Saturday, October 17, 2015

A free people under siege

I returned yesterday from a wonderful week in Israel where I participated in the fourth biannual Friedberg Economics Institute seminar (my second) at Neve Illan, just outside of Jerusalem.
My friend and colleague Richard Ebeling asked me the following questions. My answers appear below.  
--------
Since you've been in Israel during part of this new series of violent acts, I was wondering about any thoughts, observations, interpretations you might have of these events.
·         How are Israelis you talked to or saw reacting to this? What do they think (or fear) this may or may not lead to?
·         Do they consider these types of events a never-ending and recurring nightmare,  or is there any  belief (hope) that there is any "light at the end of the tunnel"?
·         Are there any rational, reasonable Palestinians, or is this near unanimous collective madness?
·         Is this making Israelis "hardened" against any deals and compromises with the Palestinians, is there sentiment that negotiations need to be restarted sooner rather than later?
All good questions. My impressions, purely personal, based on my very limited interaction with a small number of people.

Israel is a country under siege without a siege mentality. Soldiers everywhere, but where the civilian ends and the soldier begins is barely discernable. The equivalent of the Pentagon is in downtown Tel Aviv. There is an ongoing conscious effort to try and 'normalize' the life of a soldier as much as is possible. Some people I know in the military wear their uniforms for work only and are critical of the settlements and wary of the threat of Haredi political domination.

As to the stabbings, Israelis try to live their lives unperturbed, watchful but determined. No, they are not at all hardened to the prospect of peace but do not believe in current circumstances that this is a real prospect. Except for the radicals [some of the Haredi and the settler-types] all Israelis desperately want peace. Yes, they see it as a part of a never-ending series of violent strategies to destabilize and ultimately destroy Israel - not a cycle of violence because they do not see these and similar acts as bona fide responses to provocation as suggested routinely in the world media. They are not responses, they are politically orchestrated acts of violence. It would not make any difference if Israel reformed the severity of the checkpoint procedures tomorrow.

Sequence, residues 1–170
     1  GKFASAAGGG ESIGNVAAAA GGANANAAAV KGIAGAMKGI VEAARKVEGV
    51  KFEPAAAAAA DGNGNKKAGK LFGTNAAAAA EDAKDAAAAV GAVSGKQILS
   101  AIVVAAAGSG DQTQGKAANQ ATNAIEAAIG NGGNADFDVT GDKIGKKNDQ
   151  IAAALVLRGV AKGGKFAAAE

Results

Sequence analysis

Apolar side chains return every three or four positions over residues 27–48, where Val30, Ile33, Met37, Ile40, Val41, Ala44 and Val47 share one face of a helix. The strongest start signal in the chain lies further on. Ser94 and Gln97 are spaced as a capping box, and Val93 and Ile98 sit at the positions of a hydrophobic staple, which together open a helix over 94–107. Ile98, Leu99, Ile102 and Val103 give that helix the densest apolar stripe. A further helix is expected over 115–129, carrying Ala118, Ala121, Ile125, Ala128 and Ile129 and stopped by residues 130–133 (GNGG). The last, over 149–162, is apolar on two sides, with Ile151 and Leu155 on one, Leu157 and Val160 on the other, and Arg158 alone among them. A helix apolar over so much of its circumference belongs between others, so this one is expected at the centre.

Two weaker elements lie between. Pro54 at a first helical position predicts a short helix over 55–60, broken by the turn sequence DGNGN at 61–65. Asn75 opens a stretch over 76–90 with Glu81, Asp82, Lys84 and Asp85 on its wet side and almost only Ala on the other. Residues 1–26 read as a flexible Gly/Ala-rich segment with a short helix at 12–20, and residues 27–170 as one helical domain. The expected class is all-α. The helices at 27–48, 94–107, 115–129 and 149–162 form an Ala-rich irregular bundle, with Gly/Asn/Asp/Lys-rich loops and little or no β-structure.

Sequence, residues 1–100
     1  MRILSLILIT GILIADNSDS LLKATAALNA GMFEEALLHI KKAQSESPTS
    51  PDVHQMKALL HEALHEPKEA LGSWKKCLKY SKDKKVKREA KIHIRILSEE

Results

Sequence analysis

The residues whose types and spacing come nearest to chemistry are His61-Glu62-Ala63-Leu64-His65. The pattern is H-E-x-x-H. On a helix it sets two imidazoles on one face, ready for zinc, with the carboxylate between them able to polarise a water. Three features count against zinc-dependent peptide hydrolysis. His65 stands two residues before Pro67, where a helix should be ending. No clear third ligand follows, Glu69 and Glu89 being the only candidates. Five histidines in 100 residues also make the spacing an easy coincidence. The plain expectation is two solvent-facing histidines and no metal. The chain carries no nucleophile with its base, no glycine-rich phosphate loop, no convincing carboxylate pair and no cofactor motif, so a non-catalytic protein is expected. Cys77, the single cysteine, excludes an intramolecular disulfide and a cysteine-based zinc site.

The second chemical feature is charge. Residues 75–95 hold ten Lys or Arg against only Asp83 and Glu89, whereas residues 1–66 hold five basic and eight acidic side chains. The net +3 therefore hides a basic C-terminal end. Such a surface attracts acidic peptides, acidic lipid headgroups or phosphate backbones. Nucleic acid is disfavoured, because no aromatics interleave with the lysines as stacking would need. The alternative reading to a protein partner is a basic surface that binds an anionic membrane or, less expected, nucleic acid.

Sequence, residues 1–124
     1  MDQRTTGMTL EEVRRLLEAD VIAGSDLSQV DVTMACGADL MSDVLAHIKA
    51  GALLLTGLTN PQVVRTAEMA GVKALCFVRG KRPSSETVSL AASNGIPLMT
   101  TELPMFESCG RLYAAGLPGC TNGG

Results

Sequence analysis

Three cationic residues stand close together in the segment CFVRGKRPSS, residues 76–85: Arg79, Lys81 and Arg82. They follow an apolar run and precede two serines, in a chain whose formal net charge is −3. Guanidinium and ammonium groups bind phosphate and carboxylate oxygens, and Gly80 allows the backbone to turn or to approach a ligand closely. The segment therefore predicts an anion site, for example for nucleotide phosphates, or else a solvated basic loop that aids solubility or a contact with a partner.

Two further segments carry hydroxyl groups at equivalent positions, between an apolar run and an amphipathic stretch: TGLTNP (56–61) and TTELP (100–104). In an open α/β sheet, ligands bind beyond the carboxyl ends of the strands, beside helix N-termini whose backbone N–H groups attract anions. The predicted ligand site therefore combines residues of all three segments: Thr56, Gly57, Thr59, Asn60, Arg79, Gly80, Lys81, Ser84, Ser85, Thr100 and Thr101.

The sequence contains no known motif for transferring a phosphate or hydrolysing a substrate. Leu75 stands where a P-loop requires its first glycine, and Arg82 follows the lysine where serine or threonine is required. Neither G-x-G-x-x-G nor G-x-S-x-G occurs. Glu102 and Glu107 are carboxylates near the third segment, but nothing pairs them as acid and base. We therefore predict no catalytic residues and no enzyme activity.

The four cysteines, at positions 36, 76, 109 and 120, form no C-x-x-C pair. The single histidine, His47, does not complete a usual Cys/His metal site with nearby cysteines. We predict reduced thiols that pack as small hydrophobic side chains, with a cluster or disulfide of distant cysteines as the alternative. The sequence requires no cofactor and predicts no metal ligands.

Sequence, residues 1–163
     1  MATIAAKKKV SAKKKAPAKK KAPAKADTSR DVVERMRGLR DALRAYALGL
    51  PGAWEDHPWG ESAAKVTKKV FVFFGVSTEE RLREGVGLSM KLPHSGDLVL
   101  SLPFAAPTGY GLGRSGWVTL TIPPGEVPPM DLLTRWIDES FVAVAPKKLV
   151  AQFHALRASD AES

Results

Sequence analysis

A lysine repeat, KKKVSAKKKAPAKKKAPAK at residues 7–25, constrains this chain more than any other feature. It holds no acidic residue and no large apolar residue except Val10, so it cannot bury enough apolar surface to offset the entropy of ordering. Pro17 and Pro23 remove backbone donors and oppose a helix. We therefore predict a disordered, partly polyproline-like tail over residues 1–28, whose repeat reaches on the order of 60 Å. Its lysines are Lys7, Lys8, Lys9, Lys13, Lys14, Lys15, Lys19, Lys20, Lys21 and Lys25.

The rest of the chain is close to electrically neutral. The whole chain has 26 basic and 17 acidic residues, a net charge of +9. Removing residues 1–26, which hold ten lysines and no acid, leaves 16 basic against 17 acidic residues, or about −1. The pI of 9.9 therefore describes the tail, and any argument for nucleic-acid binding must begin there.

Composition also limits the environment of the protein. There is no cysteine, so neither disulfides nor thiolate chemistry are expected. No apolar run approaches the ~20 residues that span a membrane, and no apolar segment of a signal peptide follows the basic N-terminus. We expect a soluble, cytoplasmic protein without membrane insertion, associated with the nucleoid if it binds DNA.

They don't see it as a nightmare, horrible as it is, because they have seen worse before and Israel day-to-day is a vibrant incredibly free society. Take your pick of multiple, candid talk shows on any subject, vigorous business activity, construction everywhere, highways, night clubs, shopping malls, technology, art, music, literature, sports, …

Definitely there are many reasonable Palestinians. It is surprising there are not more - there are formidable cultural pressures pushing for uniformity. Polls show that most Palestinians and Israeli Arabs want peace to enable them to get on with their lives and build better futures. And there are forces making for internal tensions. For example, Israeli Arabs who live and work in east Jerusalem get four to five times the pay available on the West Bank, so they are secretly not in favor of unification with the West Bank, and they don't want West Bank Arabs coming into east Jerusalem for obvious reasons. Israeli Arabs are fully integrated into the economy, though sadly not into the broader society. And the Arab members of the Knesset are incredibly hostile to Israel – some moreso than others. None of them condemns the current violence. In this they part company with many of their constituents. It is something of a sad mystery as to why Israeli Arabs continue to elect representatives hostile to coexistence while themselves (many of them) hoping for it.